Lawyers send cease-and-desist letters, not as a courtesy, but because of cntinued action after notice is served, which results in a substantially higher liability.
Cease-and-desist letters will NEVER say, "Stop (whatever you're doing) or we'll sue you." A threat to sue, or even identifying conduct as infringing, is usually enough to grant subject matter jurisdiction for a declaratory relief action, i.e. the recipient of such a letter can go to court as a plaintiff and sue the sender, seeking that the judge issue a judgment declaring the plaintiff not guilty.
Accordingly, cease-and-desist letters will always be phrased along the lines of, "Should you fail to comply with the demands herein, [CLIENT NAME] may avail itself of such rights and remedies provided pursuant to applicable state and federal law, and said rights and remedies are expressly reserved herein."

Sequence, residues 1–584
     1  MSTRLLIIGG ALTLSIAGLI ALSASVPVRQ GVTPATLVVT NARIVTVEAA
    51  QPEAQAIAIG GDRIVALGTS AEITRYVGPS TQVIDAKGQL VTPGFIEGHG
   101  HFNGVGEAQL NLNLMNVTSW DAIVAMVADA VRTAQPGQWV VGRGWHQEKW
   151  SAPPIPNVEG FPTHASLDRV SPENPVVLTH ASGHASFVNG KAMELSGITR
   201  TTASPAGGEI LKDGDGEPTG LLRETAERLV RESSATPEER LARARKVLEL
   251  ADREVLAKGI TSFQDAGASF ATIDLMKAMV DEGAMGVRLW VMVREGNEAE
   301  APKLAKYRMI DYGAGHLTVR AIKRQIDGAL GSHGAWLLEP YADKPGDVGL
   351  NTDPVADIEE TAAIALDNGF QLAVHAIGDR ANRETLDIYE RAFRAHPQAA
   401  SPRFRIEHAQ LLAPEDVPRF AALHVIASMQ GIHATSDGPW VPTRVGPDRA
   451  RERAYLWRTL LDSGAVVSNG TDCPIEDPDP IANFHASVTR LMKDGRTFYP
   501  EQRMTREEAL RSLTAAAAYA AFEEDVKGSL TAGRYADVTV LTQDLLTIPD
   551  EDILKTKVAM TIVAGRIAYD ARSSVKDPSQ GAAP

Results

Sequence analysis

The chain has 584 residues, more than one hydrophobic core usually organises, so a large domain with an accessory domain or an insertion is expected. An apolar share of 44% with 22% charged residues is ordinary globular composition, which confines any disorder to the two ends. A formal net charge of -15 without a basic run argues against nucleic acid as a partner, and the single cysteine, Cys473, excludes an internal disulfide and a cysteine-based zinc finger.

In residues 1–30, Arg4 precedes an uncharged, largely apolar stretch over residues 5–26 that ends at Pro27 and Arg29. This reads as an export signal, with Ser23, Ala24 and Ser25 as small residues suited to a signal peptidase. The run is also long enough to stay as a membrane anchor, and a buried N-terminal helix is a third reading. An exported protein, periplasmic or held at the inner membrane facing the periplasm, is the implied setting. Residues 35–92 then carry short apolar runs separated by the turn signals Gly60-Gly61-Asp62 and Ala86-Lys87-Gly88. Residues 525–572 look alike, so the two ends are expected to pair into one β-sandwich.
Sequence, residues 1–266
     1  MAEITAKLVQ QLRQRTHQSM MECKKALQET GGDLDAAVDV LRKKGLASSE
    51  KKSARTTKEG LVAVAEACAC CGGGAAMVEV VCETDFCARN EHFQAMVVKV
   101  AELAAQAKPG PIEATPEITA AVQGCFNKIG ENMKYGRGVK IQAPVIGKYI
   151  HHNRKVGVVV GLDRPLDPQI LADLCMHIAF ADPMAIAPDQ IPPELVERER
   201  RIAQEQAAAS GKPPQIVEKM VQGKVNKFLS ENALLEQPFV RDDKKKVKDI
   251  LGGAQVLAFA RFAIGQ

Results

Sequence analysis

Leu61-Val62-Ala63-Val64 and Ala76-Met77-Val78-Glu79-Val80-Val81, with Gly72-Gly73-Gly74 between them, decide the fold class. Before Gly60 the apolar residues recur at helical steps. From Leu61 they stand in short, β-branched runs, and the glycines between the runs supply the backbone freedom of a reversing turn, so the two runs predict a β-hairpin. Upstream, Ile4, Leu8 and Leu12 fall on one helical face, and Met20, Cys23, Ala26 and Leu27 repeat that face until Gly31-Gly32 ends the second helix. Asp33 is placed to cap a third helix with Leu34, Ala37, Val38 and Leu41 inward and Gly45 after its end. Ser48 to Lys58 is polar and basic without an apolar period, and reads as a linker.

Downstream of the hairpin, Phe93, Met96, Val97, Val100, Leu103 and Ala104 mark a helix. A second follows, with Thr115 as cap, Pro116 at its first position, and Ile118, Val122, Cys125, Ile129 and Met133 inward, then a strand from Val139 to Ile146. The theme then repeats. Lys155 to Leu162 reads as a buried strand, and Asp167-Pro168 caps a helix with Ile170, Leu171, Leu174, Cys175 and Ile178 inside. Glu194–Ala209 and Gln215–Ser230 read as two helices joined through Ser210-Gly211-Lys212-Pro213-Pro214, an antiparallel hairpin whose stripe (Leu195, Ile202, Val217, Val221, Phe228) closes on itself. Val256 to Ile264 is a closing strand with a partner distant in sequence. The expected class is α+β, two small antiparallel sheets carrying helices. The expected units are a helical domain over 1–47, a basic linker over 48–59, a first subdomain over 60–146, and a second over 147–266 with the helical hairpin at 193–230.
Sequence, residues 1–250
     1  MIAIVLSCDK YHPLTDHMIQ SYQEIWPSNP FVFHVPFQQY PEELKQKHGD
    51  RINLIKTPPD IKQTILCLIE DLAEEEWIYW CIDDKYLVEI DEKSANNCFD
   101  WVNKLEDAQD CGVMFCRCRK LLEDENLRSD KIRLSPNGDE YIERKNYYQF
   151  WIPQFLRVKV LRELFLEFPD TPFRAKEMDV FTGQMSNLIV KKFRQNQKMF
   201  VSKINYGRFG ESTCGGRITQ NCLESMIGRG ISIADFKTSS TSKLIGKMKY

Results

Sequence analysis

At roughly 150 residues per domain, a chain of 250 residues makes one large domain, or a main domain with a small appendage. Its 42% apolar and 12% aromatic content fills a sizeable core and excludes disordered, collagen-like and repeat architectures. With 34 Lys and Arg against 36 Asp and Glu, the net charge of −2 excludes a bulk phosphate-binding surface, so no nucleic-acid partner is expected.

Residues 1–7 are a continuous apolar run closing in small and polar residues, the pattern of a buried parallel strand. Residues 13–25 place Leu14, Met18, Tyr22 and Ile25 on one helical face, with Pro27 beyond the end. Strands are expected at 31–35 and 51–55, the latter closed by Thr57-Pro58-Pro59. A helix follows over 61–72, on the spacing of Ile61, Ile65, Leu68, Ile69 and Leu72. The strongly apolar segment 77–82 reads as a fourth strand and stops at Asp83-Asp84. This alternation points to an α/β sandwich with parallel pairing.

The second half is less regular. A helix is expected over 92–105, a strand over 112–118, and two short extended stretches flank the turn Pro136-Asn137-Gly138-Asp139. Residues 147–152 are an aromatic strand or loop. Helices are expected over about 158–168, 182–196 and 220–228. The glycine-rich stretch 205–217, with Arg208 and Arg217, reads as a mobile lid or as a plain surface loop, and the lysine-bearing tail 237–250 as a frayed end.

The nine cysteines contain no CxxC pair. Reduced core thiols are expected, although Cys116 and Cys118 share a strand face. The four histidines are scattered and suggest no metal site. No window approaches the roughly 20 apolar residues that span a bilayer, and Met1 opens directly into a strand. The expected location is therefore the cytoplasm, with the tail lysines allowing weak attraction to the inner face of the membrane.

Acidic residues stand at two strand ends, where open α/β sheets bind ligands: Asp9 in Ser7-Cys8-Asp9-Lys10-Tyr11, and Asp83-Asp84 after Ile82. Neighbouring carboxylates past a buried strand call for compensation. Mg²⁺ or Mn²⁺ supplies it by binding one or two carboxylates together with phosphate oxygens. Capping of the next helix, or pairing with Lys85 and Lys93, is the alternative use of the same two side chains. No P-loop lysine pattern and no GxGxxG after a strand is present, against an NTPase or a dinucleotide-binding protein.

The strategic use of the word, "may." Should anyone ever be on the receiving end of such a letter, it is perhaps noteworthy that just because it doesn't say, "Stop or we'll sue you" doesn't mean that you're not about to get sued.
However, it would be a rarity. It is simply not cost-effective (even for large corporations) to do so. It depends on the content of the email, though. You may like to seek the advice of a lawyer on this one if you feel that its a cause for concern.